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Stock Market Today: Indices Plummeted in One of the Worst Days of 2022

Stock indices finished today’s trading session much lower. The Dow Jones Industrial Average, the S&P 500, and the Nasdaq 100 decreased by 3.98%, 4.35%, and 5.51%, respectively.

The communications sector was the session’s laggard, as it lost 5.51%. Conversely, the energy sector was the session’s leader, with a loss of 2.53%. In addition, WTI crude oil is down just 0.58%, falling to $87.50 per barrel.

Furthermore, the U.S. 10-Year Treasury yield increased to 3.418%, an increase of almost six basis points. The Two-Year Treasury yield also increased but by a much larger amount. It is now sitting at 3.745% after a 17 basis-point increase. This brings the spread between them to -32.7 basis points. The negative spread indicates that investors still have fears of a recession.

Compared to yesterday, the market is pricing in a higher chance of a higher Fed Funds rate for the end of the year. The market’s expectations for a rate in the range of 4% to 4.25% increased from 23.41% (as of yesterday) to 41.18% currently. Conversely, the expectations of a rate in between 3.75% to 4% decreased to 15.83%, down from 68.04%. In addition, the market is now assigning a 34.16% probability for a range of 4.25% to 4.5%, up from 2.04%.

Today’s Carnage Continues on Wall Street

Last Updated 1:15PM EST

Stocks continue to trend lower in today’s trading session. As of 1.15 p.m. EST, NASDAQ, the S&P 500, and the Dow Jones Industrial Average are all in the red with a drop of 3.79%, 2.90%, and 2.58%, respectively. All sectors across the board are down big, with the consumer discretionary sector (XLY) dropping 3.84%, followed by technology (XLK) with a drop of 3.77%.

In sync, Gold, WTI crude oil, and bitcoin (BTC-USD) are down 1.05%, 2.50%, and 7.03%, respectively. In another development, Twitter stockholders have given the nod to the $44 billion sale to Elon Musk. European markets, too, trended lower on the U.S. inflation data print.

In the meantime, the U.S. 10-Year Treasury yield has shot up by 0.061% to 3.423%. The Two-Year yield, too, is up 0.195% to 3.776% from its previous close.

Stocks Show No Signs of Rebounding

Last Updated 11:15AM EST

Stock indices are worsening their downward spiral, following the red-hot CPI data. The Dow Jones Industrial Average (DJIA) index is down 2.6%, while the S&P 500 (SPX) has dropped 3.1% as of 11:15 a.m. EST. Meanwhile, the Nasdaq 100 (NDX) is in free fall, falling 4.2%.

A successful and large-scale counteroffensive launched by Ukraine on the Russian forces has tipped the world slightly in favor of expecting an end to the war, with Ukraine as the winner. This has, as expected, boosted stock market sentiments.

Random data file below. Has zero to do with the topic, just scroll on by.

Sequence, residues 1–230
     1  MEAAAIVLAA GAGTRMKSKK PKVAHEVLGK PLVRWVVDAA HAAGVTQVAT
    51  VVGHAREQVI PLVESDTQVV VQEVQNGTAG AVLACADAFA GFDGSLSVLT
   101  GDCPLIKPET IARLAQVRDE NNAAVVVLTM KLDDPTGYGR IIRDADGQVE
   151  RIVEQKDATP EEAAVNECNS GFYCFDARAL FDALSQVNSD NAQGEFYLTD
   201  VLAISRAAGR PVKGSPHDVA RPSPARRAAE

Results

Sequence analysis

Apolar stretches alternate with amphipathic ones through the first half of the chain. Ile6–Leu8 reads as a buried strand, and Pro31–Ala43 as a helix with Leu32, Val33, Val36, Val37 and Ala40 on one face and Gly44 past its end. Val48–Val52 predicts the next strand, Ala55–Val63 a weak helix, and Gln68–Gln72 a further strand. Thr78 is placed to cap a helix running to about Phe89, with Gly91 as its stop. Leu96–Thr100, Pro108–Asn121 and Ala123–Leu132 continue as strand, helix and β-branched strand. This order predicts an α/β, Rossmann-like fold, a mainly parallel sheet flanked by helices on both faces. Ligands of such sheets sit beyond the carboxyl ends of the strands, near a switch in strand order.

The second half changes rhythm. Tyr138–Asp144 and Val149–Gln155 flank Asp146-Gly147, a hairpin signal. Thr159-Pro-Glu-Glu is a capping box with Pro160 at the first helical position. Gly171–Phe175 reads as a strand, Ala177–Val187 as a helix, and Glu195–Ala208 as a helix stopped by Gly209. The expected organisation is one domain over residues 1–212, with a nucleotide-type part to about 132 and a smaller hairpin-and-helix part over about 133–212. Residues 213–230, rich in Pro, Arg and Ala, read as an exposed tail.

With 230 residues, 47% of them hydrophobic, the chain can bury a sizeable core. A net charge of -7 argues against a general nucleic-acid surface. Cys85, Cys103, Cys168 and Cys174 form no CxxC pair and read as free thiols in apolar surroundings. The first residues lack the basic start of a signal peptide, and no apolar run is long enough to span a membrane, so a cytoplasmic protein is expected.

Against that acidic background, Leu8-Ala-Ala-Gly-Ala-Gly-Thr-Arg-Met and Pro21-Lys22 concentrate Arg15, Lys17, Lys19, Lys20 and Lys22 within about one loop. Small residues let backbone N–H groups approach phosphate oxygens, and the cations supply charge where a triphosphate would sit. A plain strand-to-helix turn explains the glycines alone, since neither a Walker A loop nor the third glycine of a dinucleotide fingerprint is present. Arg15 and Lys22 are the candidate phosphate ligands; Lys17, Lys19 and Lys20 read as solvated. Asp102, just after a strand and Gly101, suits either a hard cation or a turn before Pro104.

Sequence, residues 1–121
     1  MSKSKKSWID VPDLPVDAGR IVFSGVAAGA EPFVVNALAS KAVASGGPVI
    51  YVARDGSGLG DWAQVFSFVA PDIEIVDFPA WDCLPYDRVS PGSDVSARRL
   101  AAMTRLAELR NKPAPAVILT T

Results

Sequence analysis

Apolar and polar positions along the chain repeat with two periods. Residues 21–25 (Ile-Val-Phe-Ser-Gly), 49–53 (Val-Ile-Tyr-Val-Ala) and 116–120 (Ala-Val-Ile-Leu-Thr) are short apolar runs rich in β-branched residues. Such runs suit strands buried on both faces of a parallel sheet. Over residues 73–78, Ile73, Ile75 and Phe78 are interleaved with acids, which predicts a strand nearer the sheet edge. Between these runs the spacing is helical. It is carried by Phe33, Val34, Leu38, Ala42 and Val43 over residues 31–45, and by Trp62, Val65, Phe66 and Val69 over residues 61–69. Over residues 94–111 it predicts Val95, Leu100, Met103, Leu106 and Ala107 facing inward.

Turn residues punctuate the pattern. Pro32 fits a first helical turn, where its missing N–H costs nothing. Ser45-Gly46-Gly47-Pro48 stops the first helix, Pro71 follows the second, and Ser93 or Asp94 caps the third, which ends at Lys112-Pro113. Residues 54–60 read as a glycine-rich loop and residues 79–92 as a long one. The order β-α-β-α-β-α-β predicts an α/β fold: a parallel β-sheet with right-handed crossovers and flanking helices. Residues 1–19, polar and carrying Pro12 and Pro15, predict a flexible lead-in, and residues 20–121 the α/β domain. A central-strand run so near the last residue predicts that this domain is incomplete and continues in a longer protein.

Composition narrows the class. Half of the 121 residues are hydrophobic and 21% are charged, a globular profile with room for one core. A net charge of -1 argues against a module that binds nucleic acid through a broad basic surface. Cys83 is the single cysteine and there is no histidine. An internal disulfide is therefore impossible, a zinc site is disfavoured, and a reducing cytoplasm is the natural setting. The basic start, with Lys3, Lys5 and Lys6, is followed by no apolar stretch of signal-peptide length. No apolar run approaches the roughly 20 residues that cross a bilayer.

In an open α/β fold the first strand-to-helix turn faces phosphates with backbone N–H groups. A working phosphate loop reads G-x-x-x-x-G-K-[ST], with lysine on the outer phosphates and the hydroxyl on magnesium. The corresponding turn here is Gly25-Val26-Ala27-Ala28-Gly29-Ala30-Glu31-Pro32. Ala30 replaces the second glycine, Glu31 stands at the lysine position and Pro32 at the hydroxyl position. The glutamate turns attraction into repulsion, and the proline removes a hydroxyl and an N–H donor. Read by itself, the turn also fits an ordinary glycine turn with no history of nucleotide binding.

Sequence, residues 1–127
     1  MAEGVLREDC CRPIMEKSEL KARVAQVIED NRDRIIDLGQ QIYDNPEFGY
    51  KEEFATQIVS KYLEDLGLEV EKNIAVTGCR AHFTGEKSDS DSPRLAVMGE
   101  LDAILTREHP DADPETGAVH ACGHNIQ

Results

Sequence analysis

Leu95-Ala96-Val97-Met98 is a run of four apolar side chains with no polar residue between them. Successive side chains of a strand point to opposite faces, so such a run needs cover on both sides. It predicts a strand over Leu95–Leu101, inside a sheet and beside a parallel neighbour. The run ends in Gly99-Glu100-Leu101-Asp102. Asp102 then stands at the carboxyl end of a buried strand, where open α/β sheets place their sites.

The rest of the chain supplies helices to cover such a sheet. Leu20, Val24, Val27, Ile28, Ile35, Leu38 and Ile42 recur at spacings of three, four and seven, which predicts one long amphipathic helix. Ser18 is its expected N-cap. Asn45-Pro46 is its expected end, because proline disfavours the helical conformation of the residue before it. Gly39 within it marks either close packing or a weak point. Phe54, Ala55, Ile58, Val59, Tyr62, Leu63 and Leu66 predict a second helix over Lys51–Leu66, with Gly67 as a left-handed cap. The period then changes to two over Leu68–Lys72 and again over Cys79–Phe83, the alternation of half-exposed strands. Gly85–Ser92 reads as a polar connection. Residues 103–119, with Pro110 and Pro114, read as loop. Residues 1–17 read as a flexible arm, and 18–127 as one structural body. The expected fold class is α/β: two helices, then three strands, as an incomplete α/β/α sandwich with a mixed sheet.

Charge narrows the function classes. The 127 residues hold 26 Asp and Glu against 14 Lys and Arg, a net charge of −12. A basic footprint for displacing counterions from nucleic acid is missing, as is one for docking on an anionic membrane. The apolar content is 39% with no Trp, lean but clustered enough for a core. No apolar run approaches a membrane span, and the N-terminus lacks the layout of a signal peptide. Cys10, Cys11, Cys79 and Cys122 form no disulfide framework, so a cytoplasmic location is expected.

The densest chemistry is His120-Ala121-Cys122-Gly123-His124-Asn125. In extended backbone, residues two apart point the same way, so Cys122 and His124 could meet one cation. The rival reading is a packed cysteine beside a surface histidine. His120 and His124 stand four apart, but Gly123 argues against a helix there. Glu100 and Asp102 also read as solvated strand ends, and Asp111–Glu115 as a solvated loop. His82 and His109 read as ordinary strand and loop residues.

Investors are increasingly starting to believe that the worst of the inflation is over and that the economy is heading toward recovery.

August CPI Indicates Inflation is Up

The August CPI report showed that CPI rose 0.1% in August, while it remained unchanged in July. The major contributors to the inflation figure of 8.3% were the rise in the food index (up 0.8% month-over-month), shelter, and medical care.

Nonetheless, the Fed is most likely to repeat a 75 basis point interest rate hike later this month, and there is very little room for the central bank to change its stance. This is expected to keep the market volatile at least until the meeting minutes are out.

However, several market analysts are of the opinion that the economy is strong enough to handle a few interest rate hikes, even if they are as much as 75 basis points. This is because, despite the largest hike in many years, the real interest rate is still too low to pose any meaningful risk to the economy.

Investors are also looking forward to the producer price index data due on Wednesday and retail sales data to be released on Thursday.

More Pain for the Supply Chain?

As a railroad worker strike looms, freight railroads revealed that they might stop accepting certain types of freight. The railroads have until Friday to work out a plan with the labor unions.

A strike would have an undesirable outcome on an already overburdened supply chain. Companies would look for other modes of transporting materials, such as pipelines, barges, and trucks. This means that demand in these areas would rise, and so would the transport costs, which would not be good news in times of raging inflation.

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